USS Mahan (DD 364) runs trials.

Length: 341' 3-5/8" overall; 334' design waterline.1

Beam: 34' 11-3/4" molded maximum; 35' 0-3/16" outside of plating at design waterline.1

Freeboard: 21 0-3/4" at bow; 10' 5" at stern.1

Displacement: 1,500 long tons design; 1,715 long tons to design waterline.1

Draft: 11' 5-1/2" mean; 13' 2-1/4" full load.3

Propulsion machinery: 4 x Foster Wheeler boilers; 465 psi, 645° F.; GE geared turbines; 50,000 shp; 2 shafts.1

Designed speed: 36.5 knots.2

Fuel bunkerage: 523.96 tons full load.1

Endurance: 7,800 nm at 12 knots.3

Designed complement: 13 officers; 193 enlisted.3


Torpedo battery: Twelve 21-inch trainable torpedo tubes: one quadruple centerline mount between the stacks; one quadruple wing mount on each side of the main deck abaft the after stack.

Main gun battery: as designed: 5 x dual purpose 5-inch/38 caliber guns: 2 forward in shielded pedestal mounts; 3 aft in open pedestal mounts; as built: 4 x dual purpose 5-inch/38 caliber guns: 2 forward in shielded pedestal mounts; 2 aft in open pedestal mounts.  

Anti-aircraft battery: 1937: 4 x .50 cal. machine guns; 1945: 2 x 40mm Bofors in one twin mount; 6 x 20mm Oerlikon in single mounts.

The original sixteen ships of the Mahan class, funded in 1934, were improved versions of the Farragut design in which the No. 3 5-inch gun was moved to the after deckhouse to make room for 12 torpedo tubes—one quadruple mount on the centerline between the stacks and one on each side abaft the second stack, for an 8-tube broadside.
Mahan class

As built, the Mahans also had a tripod foremast and a pole mainmast, giving them a silhouette similar to the Porter-class leaders whose construction immediately preceded them. Designed by Gibbs & Cox, they incorporated a new generation of destroyer machinery, which combined increases in pressure and temperature with a new type of lightweight, fast-running turbine, which was both simpler and more efficient than that of the Farraguts and proved highly reliable in service.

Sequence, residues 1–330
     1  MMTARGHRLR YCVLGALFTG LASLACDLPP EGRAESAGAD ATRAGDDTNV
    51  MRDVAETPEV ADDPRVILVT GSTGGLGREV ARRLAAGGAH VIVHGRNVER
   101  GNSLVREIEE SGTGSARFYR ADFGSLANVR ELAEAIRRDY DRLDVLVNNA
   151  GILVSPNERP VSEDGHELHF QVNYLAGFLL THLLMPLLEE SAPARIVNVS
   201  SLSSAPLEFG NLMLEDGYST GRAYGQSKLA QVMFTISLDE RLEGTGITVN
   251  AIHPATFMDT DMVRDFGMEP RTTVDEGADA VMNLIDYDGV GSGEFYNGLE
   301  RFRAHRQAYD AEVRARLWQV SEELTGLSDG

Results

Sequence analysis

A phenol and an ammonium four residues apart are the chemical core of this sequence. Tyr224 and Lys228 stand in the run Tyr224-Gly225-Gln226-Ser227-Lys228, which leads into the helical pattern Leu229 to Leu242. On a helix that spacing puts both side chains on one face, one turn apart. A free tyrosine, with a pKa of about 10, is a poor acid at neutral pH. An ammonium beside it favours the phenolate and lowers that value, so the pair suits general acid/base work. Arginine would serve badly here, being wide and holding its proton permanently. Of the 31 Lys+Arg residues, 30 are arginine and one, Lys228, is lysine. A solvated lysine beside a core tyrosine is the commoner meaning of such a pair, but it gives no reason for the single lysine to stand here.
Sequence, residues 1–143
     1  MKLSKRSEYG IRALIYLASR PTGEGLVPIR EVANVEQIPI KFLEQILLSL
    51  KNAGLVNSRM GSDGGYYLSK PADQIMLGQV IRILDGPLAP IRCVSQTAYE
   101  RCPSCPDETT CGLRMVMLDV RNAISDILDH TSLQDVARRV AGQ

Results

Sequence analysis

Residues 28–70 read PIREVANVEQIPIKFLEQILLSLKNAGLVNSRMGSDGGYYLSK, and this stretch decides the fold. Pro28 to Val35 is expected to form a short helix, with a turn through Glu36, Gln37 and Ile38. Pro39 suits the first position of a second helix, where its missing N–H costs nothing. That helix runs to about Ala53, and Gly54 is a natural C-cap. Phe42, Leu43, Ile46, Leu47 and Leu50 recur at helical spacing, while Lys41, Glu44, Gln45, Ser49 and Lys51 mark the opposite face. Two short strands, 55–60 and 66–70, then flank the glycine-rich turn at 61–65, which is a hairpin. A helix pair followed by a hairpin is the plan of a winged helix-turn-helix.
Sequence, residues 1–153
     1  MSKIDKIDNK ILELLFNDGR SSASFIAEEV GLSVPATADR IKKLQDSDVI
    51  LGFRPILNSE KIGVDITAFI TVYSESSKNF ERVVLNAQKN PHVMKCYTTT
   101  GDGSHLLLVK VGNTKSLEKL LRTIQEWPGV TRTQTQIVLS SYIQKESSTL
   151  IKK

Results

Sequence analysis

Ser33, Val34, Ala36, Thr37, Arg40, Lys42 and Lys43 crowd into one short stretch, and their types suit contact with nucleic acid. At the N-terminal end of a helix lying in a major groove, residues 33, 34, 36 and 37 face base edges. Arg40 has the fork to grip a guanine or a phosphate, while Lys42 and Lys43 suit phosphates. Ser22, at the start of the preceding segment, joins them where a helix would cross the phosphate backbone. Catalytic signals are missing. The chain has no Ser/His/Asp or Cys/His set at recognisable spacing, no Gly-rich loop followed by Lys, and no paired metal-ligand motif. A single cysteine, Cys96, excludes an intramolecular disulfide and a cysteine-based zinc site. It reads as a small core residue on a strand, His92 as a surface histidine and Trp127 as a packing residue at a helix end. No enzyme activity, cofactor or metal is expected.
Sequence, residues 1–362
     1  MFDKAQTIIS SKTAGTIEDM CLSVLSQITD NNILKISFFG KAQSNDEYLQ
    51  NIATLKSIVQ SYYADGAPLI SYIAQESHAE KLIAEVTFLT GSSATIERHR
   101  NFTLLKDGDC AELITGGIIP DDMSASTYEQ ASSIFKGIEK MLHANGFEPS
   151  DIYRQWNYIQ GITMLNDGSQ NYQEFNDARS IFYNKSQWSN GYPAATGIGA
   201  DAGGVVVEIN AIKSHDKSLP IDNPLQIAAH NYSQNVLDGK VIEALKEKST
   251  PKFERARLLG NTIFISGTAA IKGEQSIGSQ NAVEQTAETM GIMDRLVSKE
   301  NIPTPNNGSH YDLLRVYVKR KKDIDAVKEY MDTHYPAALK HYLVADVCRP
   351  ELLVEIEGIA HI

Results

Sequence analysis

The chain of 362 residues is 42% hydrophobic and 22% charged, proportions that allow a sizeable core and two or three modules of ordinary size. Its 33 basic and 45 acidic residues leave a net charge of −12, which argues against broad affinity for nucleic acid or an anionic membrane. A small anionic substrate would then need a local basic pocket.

The US Navy eventually commissioned twenty-six destroyers with this machinery: the sixteen original Mahans plus the slightly-modified Dunlap and Fanning and eight ships of the Bagley class. (Three Mahans, with only four 5-inch mounts and 4 torpedo tubes, were also built for the Brazilian Navy.)

Cassin and Downes were completely destroyed in the Japanese attack on Pearl Harbor, but some of their equipment were salvaged and installed in new hulls, retaining their old numbers and names. Shaw’s bow was also demolished, but a temporary one was fitted and she steamed to the West Coast for reconstruction.

All ships screened carriers early in the war. Five were lost in the Solomon Islands campaign: Tucker in 1942, fouled in an American minefield off Espiritu Santo in the prelude to the Guadalcanal campaign; Cushing, first in line during the 12–13 November 1942 Battle of Guadalcanal, where she drew concentrated enemy fire; and Preston, with Benham and Walke, two nights later as part of Admiral Lee’s battleship force at Second Guadalcanal, an action which only Gwin among destroyers survived.

Drayton and Perkins were in the van with Fletcher and Maury, and Lamson was in the rear with Lardner at Tassafaronga, 30 November. Unlucky Perkins was run over by a troopship and lost the following year.

The last two losses—Mahan and Reid—occurred in the Philippines, December 1944. All remaining ships were scrapped between 1946 and 1948.

1 Bureau of Construction and Repair’s General Information book for USS Mahan and USS Cummings.
2 Bauer and Roberts.
3 Friedman.